Life as a Jewish Utahn

By: Madison Butcher

Sam Winkler and his wife Amy with their daughter Perry (Madison Butcher)

Sam Winkler could be described as a husband, father, police officer, neighbor and friend. But living as a minority in a predominantly Latter-day Saint community separates him from most: Sam Winkler is a Jew.

Winkler grew up in a Jewish family in Utah. His father, in particular, was very strict. For example, everything in the kitchen had to be kosher. The Winklers used specific dishes for different foods and some dishes could not be cleaned in the dishwasher. Winkler said his dad was more of a conservative Jew, while his mom leaned more towards a reformed Jew. All of his siblings still practice Judaism in some form as well.

Winkler described his childhood as fairly normal but with a few bumps in the road due to his religious beliefs.

“I wanted to be on the football team in high school, but the biggest of [Jewish] holidays were there so I couldn’t do the football team,” Winkler said.

Winkler said his parents always expected their kids to be educated in the religion, but then it was up to them on how they were going to live it. Judaism continues plays a role in Winkler’s life despite not being as active as some of his siblings. Winkler claims to be a reformed Jew, but he likes to pray in the conservative way, in Hebrew.

The freedom to individually choose beliefs and practices within the religion has always been a plus for Winkler.

There’s not one set way that you practice, you practice what you feel which is why there are all these different sects,” Winkler said.

As a Jew in the heart of Utah, Winkler has many opportunities to explain his beliefs to others. People are usually friendly and he has spoken with missionaries of other churches, but Winkler sometimes feels like an outsider.

Upon moving into his home, LDS neighbors reached out and asked for the Winklers’ contact information for a phone directory and offered to bring by a copy.

“Of course I come to find out that it wasn’t a phone directory,” Winkler said. “It was a ward directory. I never received a copy.”

Although Winkler is not LDS, he married a former Mormon, Amy Winkler. They have two young girls, Penny (3) and Kate (10). Sam and Amy agreed to have Penny formally converted to the Jewish religion. Because of their different religious backgrounds, Amy explained they celebrate Christian and Jewish holidays.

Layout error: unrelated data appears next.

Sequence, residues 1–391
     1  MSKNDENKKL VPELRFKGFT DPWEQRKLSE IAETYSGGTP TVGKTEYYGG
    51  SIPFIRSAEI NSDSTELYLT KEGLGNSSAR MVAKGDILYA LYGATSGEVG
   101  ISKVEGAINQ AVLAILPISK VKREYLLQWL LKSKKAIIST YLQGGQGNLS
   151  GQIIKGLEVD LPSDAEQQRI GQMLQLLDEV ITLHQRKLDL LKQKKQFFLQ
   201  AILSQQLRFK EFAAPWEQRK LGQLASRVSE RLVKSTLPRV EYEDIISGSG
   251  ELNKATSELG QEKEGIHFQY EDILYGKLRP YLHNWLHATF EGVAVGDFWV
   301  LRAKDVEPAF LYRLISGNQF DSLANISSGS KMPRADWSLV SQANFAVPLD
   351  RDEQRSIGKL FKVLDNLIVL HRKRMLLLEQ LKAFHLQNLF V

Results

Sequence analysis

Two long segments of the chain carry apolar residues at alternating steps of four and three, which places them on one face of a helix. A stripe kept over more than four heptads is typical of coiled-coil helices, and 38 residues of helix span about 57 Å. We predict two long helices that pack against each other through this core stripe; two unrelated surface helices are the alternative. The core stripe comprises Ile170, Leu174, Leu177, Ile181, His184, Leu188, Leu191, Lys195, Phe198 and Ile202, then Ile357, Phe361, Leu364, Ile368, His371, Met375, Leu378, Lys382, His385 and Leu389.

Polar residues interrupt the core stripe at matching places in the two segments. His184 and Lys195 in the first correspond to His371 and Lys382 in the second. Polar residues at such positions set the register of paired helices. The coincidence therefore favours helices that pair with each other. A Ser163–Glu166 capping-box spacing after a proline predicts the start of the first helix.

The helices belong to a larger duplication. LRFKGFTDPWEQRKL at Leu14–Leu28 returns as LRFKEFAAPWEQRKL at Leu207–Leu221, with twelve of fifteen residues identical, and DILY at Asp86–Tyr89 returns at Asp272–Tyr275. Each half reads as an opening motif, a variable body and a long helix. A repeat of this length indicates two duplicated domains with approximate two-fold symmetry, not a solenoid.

“It’s funny because when Kate was younger, she would say that she was Jewish and (celebrated) Christmas,” Amy Winkler said.

Day-to-day living for the family typically doesn’t include religious conflict. But unfortunately, Winkler has experienced feelings of anti-Semitism.

When Winkler was a young boy, he and his brother took a UTA bus to the Lagoon amusement park. A man looked at them and asked, “Are you two Jewish? I can tell by your noses.”

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Years later, as a police officer, he handled a bike accident where a girl hadn’t yielded to oncoming traffic and crashed her bike. Winkler explained to her that although it was her fault, she would just receive a warning.

While they spoke, Winkler noticed a Star of David on her necklace. The girl became upset and claimed he must be anti-Jewish, without knowing his religious background.

Winkler said he doesn’t react in these situations, especially at work.

“When I am at work, I don’t go into that. I am police. I am not Jewish. I am not man. I am not woman. I am not democratic. I am not republican. I am police,” Winkler said.

According to Winkler, anti-Semitism still exists in today’s world but doesn’t let it bother him.  He said he believes many Jews have become paranoid.

“People feel like they have a target on them,” Winkler said. “In law enforcement, you have a target on you just because you’re a cop. They don’t know if you’re a good cop, bad cop, or whatever. And a lot of Jewish people feel like they have a target on them.”

Even though Winkler doesn’t feel a direct threat, he wants to see a change in society. More than anything, he wants everyone to treat each other like actual people instead of a label.

“I don’t want to sit on a UTA bus and have some guy identify me as a Jew because of my nose. … What I hope is that we quit looking at what makes a person, and look at what they really are. Why do I have to be Jewish? Why do I have to be white? Why do I have to be identified as something? Why can’t society get past all that and just say ‘Hey, that Sam Winkler is a great guy!’”

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